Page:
3. christine j*

    I have organically found out who at least some of the candidates were for every job I’ve ever had! Granted I’ve tended to work for small slightly disorganized nonprofits without an independent HR function, but each time I’ve found file folders or digital files lying around (sometimes months later), had my boss or a colleague mention something, etc.

  4. Jerry Vandesic*

    I would never tell someone I hired about their competition. There’s nothing to be gained, at least from my perspective. In the end, the new employee needs to stand on their own and deliver, and the comparison to others ends when I make the hire.

  5. AnotherHRPro*

    It is completely normal to be curious as to who your “peer group” is but i think that asking for this information would raise an eyebrow so I would also advise against it. In the future, if they are hiring another individual for a similar role, it might come up organically but otherwise, it really isn’t your business.

  6. Language Lover*

    My boss was pretty open about the other candidates in general but I only ever heard about one specific name.

    And I kind of wish I didn’t know since we are part of similar professional organizations and run into each other. Normally I’m somewhat oblivious to people acting strange or mildly rude. I brush it off with an idea that they have other things going on with them. But with this candidate, I never know if that’s what’s happening when they’re standoffish, as they often are to me, or if they just have other things on their mind.

    They don’t know that I know and they did get another good job but knowing makes our interactions just a touch weirder than I think they’d normally be.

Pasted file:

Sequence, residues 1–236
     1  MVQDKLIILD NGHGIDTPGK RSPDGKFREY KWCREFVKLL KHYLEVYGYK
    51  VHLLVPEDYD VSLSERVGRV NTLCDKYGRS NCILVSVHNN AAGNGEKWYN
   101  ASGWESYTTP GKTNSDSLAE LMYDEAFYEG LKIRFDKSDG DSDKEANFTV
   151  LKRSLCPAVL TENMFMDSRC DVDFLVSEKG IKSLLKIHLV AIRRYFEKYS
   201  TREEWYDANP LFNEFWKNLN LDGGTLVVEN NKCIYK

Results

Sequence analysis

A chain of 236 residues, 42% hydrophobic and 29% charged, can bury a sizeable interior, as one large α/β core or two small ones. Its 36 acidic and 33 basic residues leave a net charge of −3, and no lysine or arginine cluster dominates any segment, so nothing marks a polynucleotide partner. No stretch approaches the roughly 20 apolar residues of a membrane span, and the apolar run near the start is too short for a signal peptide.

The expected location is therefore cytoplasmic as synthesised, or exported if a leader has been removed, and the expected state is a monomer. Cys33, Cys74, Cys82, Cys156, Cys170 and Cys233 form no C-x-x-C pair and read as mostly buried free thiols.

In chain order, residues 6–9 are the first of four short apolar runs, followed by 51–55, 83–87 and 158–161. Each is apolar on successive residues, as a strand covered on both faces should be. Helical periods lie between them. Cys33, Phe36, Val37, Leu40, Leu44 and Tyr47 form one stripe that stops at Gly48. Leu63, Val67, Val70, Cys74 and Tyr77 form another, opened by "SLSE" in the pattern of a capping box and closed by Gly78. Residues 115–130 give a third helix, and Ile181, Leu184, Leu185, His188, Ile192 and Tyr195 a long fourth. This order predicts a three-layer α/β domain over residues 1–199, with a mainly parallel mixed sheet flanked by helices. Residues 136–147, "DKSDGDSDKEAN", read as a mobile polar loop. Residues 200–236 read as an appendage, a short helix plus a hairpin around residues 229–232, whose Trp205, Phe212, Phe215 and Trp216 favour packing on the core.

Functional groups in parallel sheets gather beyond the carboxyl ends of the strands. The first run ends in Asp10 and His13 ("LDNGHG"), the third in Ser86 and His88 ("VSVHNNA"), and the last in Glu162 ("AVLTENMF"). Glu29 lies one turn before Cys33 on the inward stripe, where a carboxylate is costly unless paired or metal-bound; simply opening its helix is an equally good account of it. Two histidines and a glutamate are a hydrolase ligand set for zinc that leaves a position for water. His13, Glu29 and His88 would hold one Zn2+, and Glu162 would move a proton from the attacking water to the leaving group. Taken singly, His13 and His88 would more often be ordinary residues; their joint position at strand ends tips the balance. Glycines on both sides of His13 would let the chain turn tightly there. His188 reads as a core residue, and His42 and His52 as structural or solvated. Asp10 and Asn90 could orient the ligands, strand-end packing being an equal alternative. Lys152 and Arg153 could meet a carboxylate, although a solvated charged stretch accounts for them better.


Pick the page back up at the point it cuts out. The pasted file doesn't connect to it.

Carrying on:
7. Engineer Girl*

    You don’t need to know who your competition is/was. It would be reasonable to ask what discriminators made you “the one” and also what discriminators helped the competition. Knowing the other discriminators shows you growth areas that you can work on for your current job and the future.

  8. Not the Droid You are Looking For*

    I have told new hires when someone on the team interviewed for but did not receive their position. I think it helps navigate the team/working dynamics.

    We had a strong debate over telling a candidate about a client who had interviewed for their position, but wasn’t chosen. Ultimately we decided it would be easier to transition that client to another project manager, rather than trying to make the client and our new staff member navigate the relationship.

    1. M. S.*

      I think this IS important. If you’re going to be managing someone who is pissed you got the job THEY wanted, you need to know this and nip it in the bud.

      Otherwise they may do things to sabotage you (possibly unconsciously, or worse consciously).

      1. MK*

        Well, it could also backfire. If the rejected internal candidate is professional and just wants to move on, having a manager who knows they applied for the job is just going to make the relationship awkward. And it might prejudice the manager about the candidate, making them see signs of resentment even it’s not there; not to mention that the manager knows for a fact the candidate isn’t satisfied with their job.